As part of a series of articles on activism in the US, the Utne Reader has published a short interview with Gene Sharp in their current issue that is worth checking out. Here’s an excerpt:
When you look at contemporary domestic movements, both on the left and on the right, what do you see?
People don’t have a good idea of what kind of social change they want. They assume that you get major social change simply by voting every four years.
When I lived in Brooklyn many years ago the people in my neighborhood would always find something to complain about and then end with the same phrase: “What are you going to do?” That’s a tragic situation.
Is there a single mistake you see over and over again?
Yes. The failure to properly analyze political power; nobody understands political power. All power has its sources. And if you can identify the sources you can cut them off.
It’s a fundamental distinction that leads to a totally different approach to waging political struggle.
What do these sources of power look like?
There is moral authority: Do the people giving the orders have the right to give them? There is economic power. There is control of the masses. Hitler didn’t have three brains, you know; he got other people convinced that what he was doing was important and that they should help.
Rather than protest the actions of those with political power, you can cut off the sources of their power—and this is rarely understood.
This seems like an approach that demands strategy.
Well, it should, but not everybody who uses nonviolent action knows a thing about strategy. People often think that if they can just show the world how terrible an opponent is, they’ll be able to get rid of the opponent. That’s nonsense.
And the opposite of identifying the sources of power.
That’s a totally different trip. There’s also a big issue [in nonviolent movements] of how people define success and failure. I remember cases where people didn’t succeed at all in achieving their objectives but say they felt better afterward. That’s not success. It’s important to feel that you’ve done something worthwhile, but it isn’t good enough.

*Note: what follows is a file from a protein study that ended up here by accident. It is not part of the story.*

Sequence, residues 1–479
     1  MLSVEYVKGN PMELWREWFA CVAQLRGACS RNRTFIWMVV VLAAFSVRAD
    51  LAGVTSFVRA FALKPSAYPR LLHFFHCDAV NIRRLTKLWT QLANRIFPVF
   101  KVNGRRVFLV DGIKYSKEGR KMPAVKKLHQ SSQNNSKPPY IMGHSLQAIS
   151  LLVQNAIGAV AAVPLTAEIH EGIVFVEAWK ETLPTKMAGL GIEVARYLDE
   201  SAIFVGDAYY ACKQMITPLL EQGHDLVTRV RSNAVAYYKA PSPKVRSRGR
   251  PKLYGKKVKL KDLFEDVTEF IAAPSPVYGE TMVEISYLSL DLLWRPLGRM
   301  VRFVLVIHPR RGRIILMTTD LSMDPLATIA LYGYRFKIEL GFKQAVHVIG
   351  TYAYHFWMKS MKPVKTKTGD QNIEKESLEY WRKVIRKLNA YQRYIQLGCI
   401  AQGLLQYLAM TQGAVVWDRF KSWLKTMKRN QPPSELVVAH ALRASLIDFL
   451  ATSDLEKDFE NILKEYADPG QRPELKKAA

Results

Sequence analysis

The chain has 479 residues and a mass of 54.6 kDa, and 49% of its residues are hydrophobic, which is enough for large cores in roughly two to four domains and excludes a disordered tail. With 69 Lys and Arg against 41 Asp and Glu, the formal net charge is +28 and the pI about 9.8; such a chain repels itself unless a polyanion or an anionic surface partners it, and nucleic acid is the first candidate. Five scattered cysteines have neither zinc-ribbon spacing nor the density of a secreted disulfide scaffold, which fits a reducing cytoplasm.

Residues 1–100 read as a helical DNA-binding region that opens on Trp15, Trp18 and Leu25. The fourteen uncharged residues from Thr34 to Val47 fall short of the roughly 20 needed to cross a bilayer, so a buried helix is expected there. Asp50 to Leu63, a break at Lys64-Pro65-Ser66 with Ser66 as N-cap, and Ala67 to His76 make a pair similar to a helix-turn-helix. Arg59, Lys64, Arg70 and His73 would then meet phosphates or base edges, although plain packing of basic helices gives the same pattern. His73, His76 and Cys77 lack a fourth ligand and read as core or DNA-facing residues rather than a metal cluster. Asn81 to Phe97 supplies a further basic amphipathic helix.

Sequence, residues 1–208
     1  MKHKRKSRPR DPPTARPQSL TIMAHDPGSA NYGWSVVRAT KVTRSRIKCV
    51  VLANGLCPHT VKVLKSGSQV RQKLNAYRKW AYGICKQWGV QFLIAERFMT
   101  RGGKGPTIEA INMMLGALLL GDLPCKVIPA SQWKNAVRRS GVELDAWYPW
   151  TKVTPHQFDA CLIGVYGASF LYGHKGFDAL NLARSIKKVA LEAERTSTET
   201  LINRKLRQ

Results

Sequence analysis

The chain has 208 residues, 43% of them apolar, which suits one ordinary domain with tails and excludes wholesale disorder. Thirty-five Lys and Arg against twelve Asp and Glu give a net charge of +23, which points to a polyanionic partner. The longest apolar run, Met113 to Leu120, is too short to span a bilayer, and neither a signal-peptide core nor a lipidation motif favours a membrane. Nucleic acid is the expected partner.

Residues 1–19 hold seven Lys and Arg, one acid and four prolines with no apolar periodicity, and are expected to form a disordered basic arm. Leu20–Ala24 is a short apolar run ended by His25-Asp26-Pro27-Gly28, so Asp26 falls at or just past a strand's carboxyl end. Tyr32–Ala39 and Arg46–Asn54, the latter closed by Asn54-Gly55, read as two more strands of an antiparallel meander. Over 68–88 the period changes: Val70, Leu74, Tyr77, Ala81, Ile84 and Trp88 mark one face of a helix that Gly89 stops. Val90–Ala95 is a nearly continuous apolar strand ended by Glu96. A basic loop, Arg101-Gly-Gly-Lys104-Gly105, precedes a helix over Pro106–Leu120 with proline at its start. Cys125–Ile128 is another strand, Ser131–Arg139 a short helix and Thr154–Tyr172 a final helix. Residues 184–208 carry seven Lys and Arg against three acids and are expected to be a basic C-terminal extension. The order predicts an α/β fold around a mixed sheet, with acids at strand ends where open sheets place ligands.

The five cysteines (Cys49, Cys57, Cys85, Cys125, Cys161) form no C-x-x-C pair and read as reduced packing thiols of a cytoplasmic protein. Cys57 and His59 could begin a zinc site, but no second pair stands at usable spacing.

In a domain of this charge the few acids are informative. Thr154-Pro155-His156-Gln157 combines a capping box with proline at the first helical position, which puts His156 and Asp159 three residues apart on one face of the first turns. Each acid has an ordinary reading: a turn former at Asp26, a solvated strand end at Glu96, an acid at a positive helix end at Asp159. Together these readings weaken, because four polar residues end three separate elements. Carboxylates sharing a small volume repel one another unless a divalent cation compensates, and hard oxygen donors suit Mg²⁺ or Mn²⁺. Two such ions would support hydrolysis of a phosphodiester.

You have to learn as much about nonviolent struggle as possible; know your own situation as well as possible; and know your opponent’s objectives, needs, and weaknesses as well as possible—and then make a plan.
You shouldn’t have an objective like total justice or complete peace. You have to think in smaller bites. Work out a plan that will weaken your opponent, but also strengthen your people and give them the capacity to carry on the struggle—to achieve the next objective.
So if you haven’t defined a realistic objective before you’ve launched into a struggle using nonviolent methods, you’ve already failed.
Nonviolent actions were a major component of the movement to stop the invasion of Iraq. Activists failed to stop the war; does that mean the movement was a failure?
You don’t get rid of war by professing against it—though professing against it should be done. You can’t get rid of war until you have a substitute tactic. And once war is breaking out, it’s usually too late to apply a substitute means.
With Iraq, there needed to be an effective nonviolent movement to oust Saddam Hussein. There wasn’t a need for a war in Poland [when the country broke away from Soviet control], for example; they didn’t need a foreign military power to intervene because they did it themselves and they did it nonviolently.
In “Reckonings,” producer Stephanie Lepp explores how people change, asking listeners to examine their own assumptions about how far they can stretch their empathy.
Recent criticisms calling the founder of nonviolent theory a Cold Warrior are way off the mark. To rightly evaluate him, we need to understand the role he chose for himself.
A six-week strike by teachers has bolstered a movement against proposed austerity measures targeting Lebanon’s dangerously underfunded education system.